Jon, Can you post the link to that “Beyond the Top One Percent.” On further reflection, I do think you have a point. Yglesias does support the policies I said he supports — he’s written on them — but you’re right that he emphasizes other policies, particularly in the context of inequality, suggesting that his support for labor, etc., is part of a different package of concerns, which may or may not be that central to his overall worldview. Anyway if you could post that, that would be great.

      • Jon July 20, 2011 at 3:24 pm #

        Sure: .

        I am not sure how much his views have changed, but here is an interesting post I found where Yglesias wonders why anyone cares of the reasons inequality is so high:

        His concern is that an investigation into the origins of inequality might lead to policy ideas that address the underlying causes rather than paper over them, and “the cure — policy interventions into the operation of the market — would be worse than the disease “. Leaving aside moral implications, I wonder what market Yglesias refers to (surely not the beloved free one)? it’s a market that works fabulously well for a few, to the detriment of the vast majority of the population–and must be protected from intrusive policies that may obstruct the natural order of things. Which brings me to my point. One way to reduce inequality is to simply enforce existing law. Prosecute accounting control fraud, break up trusts, go after predatory lenders and contract arbitragers, clamp down on labor abuses and discrimination, use regulatory powers the SEC, CTFC, OCC, et al. already have to reign in speculation, fraud and other abuses, hold all people responsible for crimes they commit–not just poor people. Enforcing the law equally and fairly to all Americans is a simple idea that can be accomplished right now without getting anything through Congress which will produce significant results.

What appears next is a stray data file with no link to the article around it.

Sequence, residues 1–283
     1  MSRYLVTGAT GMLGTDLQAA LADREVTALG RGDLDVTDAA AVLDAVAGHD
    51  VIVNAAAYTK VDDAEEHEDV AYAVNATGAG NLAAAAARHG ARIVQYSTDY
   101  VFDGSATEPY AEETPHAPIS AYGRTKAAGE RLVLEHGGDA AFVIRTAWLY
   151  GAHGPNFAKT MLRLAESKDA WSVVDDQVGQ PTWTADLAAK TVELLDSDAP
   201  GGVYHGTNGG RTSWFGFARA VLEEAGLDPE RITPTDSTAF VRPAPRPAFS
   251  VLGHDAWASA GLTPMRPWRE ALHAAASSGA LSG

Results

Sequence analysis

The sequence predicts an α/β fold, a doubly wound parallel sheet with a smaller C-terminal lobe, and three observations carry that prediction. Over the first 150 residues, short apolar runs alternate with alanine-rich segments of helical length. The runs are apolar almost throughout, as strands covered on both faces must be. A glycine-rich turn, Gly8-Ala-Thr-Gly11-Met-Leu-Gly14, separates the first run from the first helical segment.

However, that assumes the law actually applies to the super-rich. As far as I can tell, it doesn’t, and suggesting that CEOs who flagrantly break the law (Dean Foods, the CEO Yglesias of which cited in his post, dodges taxes and violates environmental laws on tens of thousands of occasions) should be prosecuted for their crimes is heresy. According to Yglesias, they are just going about their preferred way of living, plundering and looting the earth and the rest of the population, but that’s OK, because they work tirelessly to do so. This smacks of entitlement. The rich are free to do as they like because they own the country. This may produce soaring rates of inequality, but that’s OK, and if things get too out of hand, we should increase “transfer-payments” to satisfy the rubes, but it is imperative not to alter the system–err, marketplace. I imagine it’s also important to stress transfer-payments is not a way to correct moral or political imbalances, but rather to take advantage of the diminishing marginal utility of money or some other technical goal.

      • Jon July 20, 2011 at 11:20 pm #

        I want to emphasize my point that in “Beyond the Top One Percent” Yglesias believes “there’s a strong case for redistributing funds from people who have a lot of it to people who’ll get more use from it.”.

        The emphasis is not that people (ie – 90% of the population with a medium income of $31,000 per household) are in any way, shape, or form, entitled to the funds generated, but that they may get more “use” from it. It is purely a technical consideration, not a moral or political one.